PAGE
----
WHAT WILL BE EXPECTED OF ME?
Volunteers spend every morning cleaning out the monkey enclosures, and during this time they will become familiar with the monkeys and their groups. At a certain point they will be taught how to make the food for the woolly monkeys, and will spend at least a couple of days being responsible for this whilst they are here. They may also make the food for the Capuchin monkeys. On as regular basis volunteers make enrichment items for the monkeys, and learn about what forms of enrichment are appropriate for each species of monkey. In the afternoons during summer they will do some work helping out in the café, some cleaning of public areas as well as assisting in running some activities and workshops for children who visit the sanctuary. During winter the afternoons are spent making enrichment, carrying out maintenance tasks like sawing wood, sweeping leaves and general housekeeping, or helping with displays, education resources or admin work. We do our best to take volunteers’ personal preferences into account where possible.
HOW LONG CAN I VOLUNTEER FOR?
WHAT QUALIFICATIONS, IF ANY, DO I REQUIRE?
None, just the ability to perform physical work and enthusiasm for animal welfare.
WILL I NEED TO KNOW ANOTHER LANGUAGE?
English, spoken and comprehension to a working level.
HOW DO I GET TO YOUR LOCATION?
If you are travelling from overseas via London (Heathrow or Gatwick airports), trains to Liskeard can be taken from Paddington station (4-6 hours). Coaches to Liskeard can be picked up from either Victoria coach station in London or at both Heathrow and Gatwick airports (5-6 hours). The nearest towns to the sanctuary are Looe and Liskeard. Looe is a small fishing port 3 miles along the coast and Liskeard is 6 miles inland. National Express coaches and mainline trains stop at Liskeard. There is a local train from Liskeard to Looe, along a beautiful route through woodland and alongside an estuary, until about 6 pm. Taxis from Liskeard cost about £20. Taxis from Looe are about £12 (Looe Taxis 01503 262405).
ARE THERE ANY COSTS INVOLVED TO VOLUNTEER WITH ECUADOR ECO VOLUNTEER?
Click HERE to find out up to date costs and requirements for volunteering with WILD FUTURES.
WHAT TYPE OF ACCOMMODATION, MEALS AND FACILITIES CAN I EXPECT TO BE AVAILABLE TO ME?
A bunk bed in a shared, single-sex dormitory with up to 4 others, shared shower and bathroom, communal kitchen. There is food available to cook 3 meals a day for yourself, a few times a week a member of staff cooks dinner for everyone, and once a week all the volunteers cook together for everyone.
WHAT WILDLIFE SPECIES ARE THERE?
Woolly monkeys, Capuchin monkeys, Barbary macaques, Lesser Horseshoe bats, Pearl-bordered fritillary butterflies.
WHAT ATTRACTIONS CAN I EXPERIENCE DURING FREE-TIME?
Volunteers have 2 days off per week. The surrounding countryside is beautiful.
The Cornish Coast Path is nearby, with lovely views of the sea and a couple of local pubs. The nearby beach is also fairly easily reached. The Sanctuary is in a quiet rural area and can feel isolated especially if you don’t have a car. However, if you are prepared to walk, Looe and the nearby coastal villages of Seaton and Downderry are reached via the coast path within an hour. Buses to the city of Plymouth, 20 miles away, are available from all three.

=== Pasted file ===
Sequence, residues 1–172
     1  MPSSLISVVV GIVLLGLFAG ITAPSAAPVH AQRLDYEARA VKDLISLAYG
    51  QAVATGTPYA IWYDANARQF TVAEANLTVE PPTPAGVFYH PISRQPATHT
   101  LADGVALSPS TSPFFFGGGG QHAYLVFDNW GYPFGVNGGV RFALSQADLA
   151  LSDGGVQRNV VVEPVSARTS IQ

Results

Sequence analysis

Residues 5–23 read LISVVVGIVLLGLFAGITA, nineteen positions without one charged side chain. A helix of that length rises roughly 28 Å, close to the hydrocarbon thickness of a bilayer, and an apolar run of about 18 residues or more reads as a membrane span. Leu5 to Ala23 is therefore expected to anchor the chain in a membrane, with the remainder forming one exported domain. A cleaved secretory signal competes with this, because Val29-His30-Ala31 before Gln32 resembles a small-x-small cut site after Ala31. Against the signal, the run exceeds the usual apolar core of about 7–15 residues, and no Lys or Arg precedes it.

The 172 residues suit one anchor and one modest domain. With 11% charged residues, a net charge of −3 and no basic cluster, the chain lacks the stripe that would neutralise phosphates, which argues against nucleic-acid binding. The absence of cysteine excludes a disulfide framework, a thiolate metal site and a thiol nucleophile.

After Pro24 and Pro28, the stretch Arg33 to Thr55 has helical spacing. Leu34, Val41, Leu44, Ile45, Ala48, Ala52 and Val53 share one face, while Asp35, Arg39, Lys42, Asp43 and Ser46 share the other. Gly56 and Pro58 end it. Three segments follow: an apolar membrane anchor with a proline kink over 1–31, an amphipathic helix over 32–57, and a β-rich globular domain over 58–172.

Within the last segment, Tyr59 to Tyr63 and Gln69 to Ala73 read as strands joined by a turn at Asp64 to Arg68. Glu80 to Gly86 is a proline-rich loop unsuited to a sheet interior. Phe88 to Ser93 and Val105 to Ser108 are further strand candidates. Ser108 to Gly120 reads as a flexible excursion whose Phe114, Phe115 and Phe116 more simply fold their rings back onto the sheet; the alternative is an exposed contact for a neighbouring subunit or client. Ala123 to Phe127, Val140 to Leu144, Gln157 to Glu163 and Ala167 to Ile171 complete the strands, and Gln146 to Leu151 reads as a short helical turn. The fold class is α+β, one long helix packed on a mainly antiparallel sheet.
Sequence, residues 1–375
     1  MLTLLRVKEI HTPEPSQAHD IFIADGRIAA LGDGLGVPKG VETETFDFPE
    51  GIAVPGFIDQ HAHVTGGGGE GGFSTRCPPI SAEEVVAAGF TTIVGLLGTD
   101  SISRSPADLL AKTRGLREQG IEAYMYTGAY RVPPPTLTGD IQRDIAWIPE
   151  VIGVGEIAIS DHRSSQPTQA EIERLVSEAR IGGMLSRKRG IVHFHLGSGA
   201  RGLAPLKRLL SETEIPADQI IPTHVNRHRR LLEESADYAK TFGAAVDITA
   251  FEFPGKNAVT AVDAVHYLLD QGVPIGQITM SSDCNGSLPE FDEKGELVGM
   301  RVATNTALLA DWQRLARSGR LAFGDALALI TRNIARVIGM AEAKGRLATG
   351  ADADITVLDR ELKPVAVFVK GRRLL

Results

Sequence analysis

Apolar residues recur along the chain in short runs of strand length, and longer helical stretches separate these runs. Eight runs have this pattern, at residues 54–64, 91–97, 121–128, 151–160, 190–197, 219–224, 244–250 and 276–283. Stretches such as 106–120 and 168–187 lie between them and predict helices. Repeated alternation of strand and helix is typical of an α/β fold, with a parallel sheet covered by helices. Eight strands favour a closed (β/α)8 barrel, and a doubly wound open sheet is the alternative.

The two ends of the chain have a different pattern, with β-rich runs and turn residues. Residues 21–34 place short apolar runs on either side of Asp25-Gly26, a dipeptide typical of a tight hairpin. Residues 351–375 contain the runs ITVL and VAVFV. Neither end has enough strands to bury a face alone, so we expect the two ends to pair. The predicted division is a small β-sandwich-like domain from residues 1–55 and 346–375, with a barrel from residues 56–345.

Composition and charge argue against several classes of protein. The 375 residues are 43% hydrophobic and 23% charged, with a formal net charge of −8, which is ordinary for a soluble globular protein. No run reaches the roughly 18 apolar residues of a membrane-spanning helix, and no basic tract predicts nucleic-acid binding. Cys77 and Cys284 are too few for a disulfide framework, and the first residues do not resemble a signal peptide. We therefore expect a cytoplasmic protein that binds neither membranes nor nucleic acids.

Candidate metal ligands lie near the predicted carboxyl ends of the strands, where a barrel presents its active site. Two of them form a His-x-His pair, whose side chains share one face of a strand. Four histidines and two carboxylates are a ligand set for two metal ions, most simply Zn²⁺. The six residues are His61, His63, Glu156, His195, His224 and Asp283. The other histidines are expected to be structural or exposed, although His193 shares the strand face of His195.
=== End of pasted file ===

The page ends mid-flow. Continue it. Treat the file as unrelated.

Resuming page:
Looe is a tourist town and fishing port. It is busy with holidaymakers in summer. Looe offers souvenir shops, cafes, restaurants, pubs and walks along the coast or riverside. Boat trips are available to destinations such as Polperro (picturesque harbour village), Fowey, Looe Island (nature reserve) or along the Looe River.
*During winter, not all these are available. During your stay you may have free internet access from the volunteer computer, and free wi-fi for laptops.
What is now Wild Futures’ Monkey Sanctuary was established in 1964. It was started as a refuge for ex-pet and ex-zoo woolly monkeys, many thousands of whom were exported to European zoos and pets shops. Many did not survive the journey. Most of those who did survive generally died after a short and unhappy life in captivity. All of the Woolly monkeys have been born at the Sanctuary but now has a non-breeding policy. In the last few years the Sanctuary has begun to provide a home for other South American primates as well as Old World monkeys in need of better living conditions. Throughout the summer we are open to the public, and do our best to educate visitors about the dangers and welfare concerns associated with primates being kept as pets. We also campaign to end the primate pet trade at a legal level. We offer support and advice to overseas primate conservation organisations, do our best to conserve the native wildlife in and around our site in Cornwall, and provide a high standard of care to the monkeys who have been given a home for life here. We rely on the help of enthusiastic volunteers to achieve all of this, and welcome them into our home, hopefully giving an insight into a sustainable way of living, based on an awareness of the impact our actions and choices have on a global scale.
For more information on WILD FUTURES, please visit www.wildfutures.org
For important information on travelling overseas, please read ‘KNOW BEFORE YOU GO WILD!‘